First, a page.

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Determining Goals for Our Kids in Sports

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The "life lessons" portion of Responsible Sport Parenting starts with getting on the same page with our kids.

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Why do your children want to play youth sports? Why do they want to participate?

Once you consider those answers and recognize where you and your child agree and differ, you can establish common ground for conversations that will help you and your child get what you want from youth sports.

To start, let's talk about possible goals that you might have for your child. (And keep in mind, this is the beginning of a list – feel free to add others to the list.) Consider ranking them from 1-10 – what would be your top 3?

  • Become a good athlete
  • Learn to play the sport
  • Win
  • Gain self-confidence
  • Learn to deal with defeat
  • Physical fitness
  • Learn "life lessons"
  • Have fun
  • Make friends
  • Earn a college scholarship
  • Other (specify: ___________).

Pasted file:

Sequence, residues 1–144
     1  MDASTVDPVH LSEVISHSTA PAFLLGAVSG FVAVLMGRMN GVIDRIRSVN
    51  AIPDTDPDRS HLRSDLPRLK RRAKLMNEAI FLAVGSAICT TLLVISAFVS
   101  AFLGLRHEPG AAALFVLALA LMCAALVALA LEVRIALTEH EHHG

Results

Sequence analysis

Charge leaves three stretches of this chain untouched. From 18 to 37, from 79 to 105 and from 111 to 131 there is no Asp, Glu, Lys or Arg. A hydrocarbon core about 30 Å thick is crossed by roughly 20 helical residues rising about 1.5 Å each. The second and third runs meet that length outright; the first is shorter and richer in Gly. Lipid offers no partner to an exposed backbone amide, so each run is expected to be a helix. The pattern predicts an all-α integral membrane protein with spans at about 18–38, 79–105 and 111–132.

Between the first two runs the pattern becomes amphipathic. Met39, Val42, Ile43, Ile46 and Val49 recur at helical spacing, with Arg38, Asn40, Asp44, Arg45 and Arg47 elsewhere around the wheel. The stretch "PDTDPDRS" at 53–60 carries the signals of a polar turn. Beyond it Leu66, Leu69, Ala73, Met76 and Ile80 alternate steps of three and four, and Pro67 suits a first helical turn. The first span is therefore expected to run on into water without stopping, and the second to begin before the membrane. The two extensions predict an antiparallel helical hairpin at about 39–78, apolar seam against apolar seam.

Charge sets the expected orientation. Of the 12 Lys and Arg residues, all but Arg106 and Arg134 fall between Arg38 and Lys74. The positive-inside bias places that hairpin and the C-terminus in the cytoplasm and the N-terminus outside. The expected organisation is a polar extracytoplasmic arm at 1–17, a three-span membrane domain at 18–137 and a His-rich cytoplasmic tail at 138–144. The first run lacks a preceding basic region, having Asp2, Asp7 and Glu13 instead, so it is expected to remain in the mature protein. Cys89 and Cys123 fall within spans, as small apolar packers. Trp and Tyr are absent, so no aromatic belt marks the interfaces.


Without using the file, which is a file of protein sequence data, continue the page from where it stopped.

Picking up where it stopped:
Now, consider asking this same question of your kids. What are their top 3? You might be surprised to see what they are thinking. Getting "level set" through this conversation helps both of you get on the same page. And in the end, that helps both of you get the most out of the youth sports experience.

The ranking exercise serves several purposes:

  • Helps us as parents articulate and prioritize our goals
  • Reminds us of the educational and character-development opportunities in youth sports
  • Helps us talk with our kids -- as equals and in a spirit of partnership -- about their goals.

What also is interesting about this exercise is the diversity of responses – of our fellow parents as well as our kids. Why did you rank what you did as number one? And what did you think of your child's number one ranking?

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